If you are interested in antique clocks and would like to learn more about them, why not take a look at the website of the Antiquarian Horological Society.
We attend meetings of the Northern Section of the Antiquarian Horological Society (AHS). These are held monthly in Sale, south west Manchester. New members are always welcome. For a calendar of events and a summary of our meetings, click Northern Section.
The Society has an interesting blog which contains short, illustrated articles on a wide range of horological subjects. Click the link here to open the latest content and all archived content. One blog entitled A Clock Striking Thirteen by Antiquarian Horology Editor, Peter de Clercq discusses the occurrence of clocks which strike thirteen and mentions one we found on our researches into turret clocks by William Leigh.
If you wind or look after a turret clock, good advice can be gained from Chris McKay’s revised and enlarged Turret Clock Keeper’s Handbook, Click the title to open a pdf which gives a summary of the handbook’s content and a link to Amazon.
If you have a turret clock in need of repair, or if you like looking at old turret clocks, take a look at some of the projects on the Cumbria Clock Company‘s website. They have worked on clocks at Hampton Court Palace, Salisbury Cathedral and Dover Castle, to name but a few. The latter is now on display in the Science Museum, London.
If you have an old clock in a wooden case which requires restoration, look at Chris Ayres‘ website. Chris has done many fantastic restorations and repairs for us. He is passionate about cabinet making and is very interested in antique clock cases.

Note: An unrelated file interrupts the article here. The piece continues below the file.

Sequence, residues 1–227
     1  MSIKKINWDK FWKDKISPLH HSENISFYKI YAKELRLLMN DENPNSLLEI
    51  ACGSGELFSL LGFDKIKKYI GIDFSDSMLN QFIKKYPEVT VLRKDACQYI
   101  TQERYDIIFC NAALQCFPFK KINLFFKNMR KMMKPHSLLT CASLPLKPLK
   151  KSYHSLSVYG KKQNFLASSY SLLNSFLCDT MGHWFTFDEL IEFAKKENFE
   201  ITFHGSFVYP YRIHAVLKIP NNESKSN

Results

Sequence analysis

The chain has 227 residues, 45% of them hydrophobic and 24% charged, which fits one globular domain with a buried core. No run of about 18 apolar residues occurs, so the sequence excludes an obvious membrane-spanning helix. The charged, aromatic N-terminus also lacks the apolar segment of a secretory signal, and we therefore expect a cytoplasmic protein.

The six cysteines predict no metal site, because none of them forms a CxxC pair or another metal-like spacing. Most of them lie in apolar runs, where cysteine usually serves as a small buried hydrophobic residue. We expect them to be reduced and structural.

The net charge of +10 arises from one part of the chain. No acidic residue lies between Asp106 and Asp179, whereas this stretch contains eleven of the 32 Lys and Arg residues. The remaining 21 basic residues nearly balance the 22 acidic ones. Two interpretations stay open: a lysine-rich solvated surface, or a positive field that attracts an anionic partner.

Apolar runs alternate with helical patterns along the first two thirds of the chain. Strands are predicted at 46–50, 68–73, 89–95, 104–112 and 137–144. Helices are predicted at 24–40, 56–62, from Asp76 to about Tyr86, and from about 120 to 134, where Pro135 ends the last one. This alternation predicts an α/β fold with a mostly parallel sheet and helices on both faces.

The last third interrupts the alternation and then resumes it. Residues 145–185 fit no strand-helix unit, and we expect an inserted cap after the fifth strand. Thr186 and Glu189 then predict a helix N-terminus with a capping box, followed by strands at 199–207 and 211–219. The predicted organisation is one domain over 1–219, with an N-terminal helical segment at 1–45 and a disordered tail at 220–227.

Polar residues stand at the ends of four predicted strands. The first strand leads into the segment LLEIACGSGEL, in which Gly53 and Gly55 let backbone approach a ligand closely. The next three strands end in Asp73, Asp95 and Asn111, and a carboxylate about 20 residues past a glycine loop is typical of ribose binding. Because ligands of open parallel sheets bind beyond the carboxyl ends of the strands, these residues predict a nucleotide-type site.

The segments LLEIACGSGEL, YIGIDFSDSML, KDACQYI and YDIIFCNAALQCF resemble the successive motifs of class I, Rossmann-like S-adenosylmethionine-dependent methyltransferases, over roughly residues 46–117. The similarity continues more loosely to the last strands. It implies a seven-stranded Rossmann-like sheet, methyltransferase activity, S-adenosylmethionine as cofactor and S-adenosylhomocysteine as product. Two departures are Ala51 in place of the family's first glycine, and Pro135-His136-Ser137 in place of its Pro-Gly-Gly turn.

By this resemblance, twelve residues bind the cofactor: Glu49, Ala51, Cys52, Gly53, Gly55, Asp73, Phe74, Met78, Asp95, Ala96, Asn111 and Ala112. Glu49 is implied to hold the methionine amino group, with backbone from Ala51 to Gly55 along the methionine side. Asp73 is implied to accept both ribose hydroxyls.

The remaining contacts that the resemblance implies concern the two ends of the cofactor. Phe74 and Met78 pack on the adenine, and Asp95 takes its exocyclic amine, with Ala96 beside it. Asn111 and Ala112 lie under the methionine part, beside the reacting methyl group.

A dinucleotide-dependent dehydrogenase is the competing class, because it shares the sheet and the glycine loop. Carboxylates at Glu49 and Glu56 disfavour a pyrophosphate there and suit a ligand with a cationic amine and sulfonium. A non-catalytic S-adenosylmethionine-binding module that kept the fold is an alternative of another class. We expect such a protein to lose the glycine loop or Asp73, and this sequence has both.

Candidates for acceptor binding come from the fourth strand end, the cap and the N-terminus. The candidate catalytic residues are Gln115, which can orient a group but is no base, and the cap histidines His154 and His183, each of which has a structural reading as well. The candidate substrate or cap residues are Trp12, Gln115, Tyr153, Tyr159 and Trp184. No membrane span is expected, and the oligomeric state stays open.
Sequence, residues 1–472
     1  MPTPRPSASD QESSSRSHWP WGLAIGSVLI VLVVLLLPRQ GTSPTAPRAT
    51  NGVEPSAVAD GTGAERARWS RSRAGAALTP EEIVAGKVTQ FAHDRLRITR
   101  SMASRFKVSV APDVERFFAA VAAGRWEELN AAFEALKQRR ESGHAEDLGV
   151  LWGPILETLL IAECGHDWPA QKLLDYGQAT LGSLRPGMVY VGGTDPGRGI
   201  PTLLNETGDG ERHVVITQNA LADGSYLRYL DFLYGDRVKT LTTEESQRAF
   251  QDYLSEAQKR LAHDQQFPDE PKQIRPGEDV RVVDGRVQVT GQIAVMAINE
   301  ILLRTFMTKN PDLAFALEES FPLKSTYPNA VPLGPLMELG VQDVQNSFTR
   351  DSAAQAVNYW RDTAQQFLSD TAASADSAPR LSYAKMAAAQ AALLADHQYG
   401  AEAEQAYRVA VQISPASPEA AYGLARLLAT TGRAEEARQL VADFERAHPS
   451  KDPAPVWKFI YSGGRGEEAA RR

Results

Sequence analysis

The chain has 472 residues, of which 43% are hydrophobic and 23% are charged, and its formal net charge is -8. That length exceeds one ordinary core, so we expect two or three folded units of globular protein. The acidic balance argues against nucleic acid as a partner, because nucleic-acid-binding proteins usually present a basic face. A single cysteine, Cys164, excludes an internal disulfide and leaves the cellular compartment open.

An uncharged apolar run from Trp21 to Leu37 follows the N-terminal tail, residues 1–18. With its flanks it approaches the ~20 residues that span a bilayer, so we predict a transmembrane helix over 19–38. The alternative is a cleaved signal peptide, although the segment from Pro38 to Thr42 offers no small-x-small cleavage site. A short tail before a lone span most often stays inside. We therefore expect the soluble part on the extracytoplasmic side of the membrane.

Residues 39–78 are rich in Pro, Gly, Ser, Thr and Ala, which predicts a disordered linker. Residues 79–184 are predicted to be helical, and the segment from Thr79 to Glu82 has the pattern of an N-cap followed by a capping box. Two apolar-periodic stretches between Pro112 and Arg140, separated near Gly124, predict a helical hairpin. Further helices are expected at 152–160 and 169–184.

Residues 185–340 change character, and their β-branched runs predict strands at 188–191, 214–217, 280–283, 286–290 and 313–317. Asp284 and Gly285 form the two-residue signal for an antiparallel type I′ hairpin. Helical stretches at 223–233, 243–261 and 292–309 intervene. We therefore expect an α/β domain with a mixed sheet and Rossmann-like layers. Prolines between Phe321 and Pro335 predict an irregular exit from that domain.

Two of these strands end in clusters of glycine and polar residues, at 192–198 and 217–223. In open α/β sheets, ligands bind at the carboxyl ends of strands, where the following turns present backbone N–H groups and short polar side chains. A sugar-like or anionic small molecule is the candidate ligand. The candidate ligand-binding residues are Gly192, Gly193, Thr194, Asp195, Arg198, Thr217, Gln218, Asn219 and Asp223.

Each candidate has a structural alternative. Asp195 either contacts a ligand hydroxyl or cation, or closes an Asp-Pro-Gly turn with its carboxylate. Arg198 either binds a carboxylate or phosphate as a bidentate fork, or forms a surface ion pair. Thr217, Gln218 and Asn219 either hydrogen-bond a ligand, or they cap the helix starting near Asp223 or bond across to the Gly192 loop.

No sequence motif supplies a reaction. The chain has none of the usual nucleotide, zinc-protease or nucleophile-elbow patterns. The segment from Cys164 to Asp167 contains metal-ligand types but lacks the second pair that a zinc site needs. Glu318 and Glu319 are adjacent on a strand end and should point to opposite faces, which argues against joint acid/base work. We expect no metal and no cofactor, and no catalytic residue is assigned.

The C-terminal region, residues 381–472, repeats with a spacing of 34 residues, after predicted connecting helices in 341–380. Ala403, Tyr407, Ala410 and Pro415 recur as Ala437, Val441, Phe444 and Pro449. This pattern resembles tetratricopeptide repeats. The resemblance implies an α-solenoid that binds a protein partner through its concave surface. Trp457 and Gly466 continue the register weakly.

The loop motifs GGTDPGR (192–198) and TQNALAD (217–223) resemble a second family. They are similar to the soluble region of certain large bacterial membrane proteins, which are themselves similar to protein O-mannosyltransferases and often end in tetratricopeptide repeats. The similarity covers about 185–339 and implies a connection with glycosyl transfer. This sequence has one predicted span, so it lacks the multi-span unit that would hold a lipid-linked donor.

The clock made by the Joyce company for Chester Cathedral and the old carillon, which have resided for many years on the floor of the Addleshaw Bell Tower, are being returned to the main tower as part of a special project.
The Joyce Factory on Station Road, Whitchurch is home to Trevanion auctioneers. The building was converted to suit its role as an auction house, but the Joyce name on the front of the building and the clock dial and mechanism have been retained.
Far from home, but an interesting website is Parker Time, a horological retailer and restoration service in Sydney, new South Wales.
If you are interested in regulator clocks, The Regulator Clock Company‘s website is a good place to look. They specialise in precision regulator clocks from the early 19th century through to the modern day. Alternatively you may prefer a British handmade longcase precision regulator clock, built by today’s craftsmen utilising the best available materials and components. Look at the website of Jonathan Flower Clocks.
If you need a painted arch conserving, Britton and Storey are the people to go to. Diane Storey has now restored two painted arches for us and we are delighted with the results. Their website has some stunning examples of their museum-quality work. They also conserve paintings and precious documents.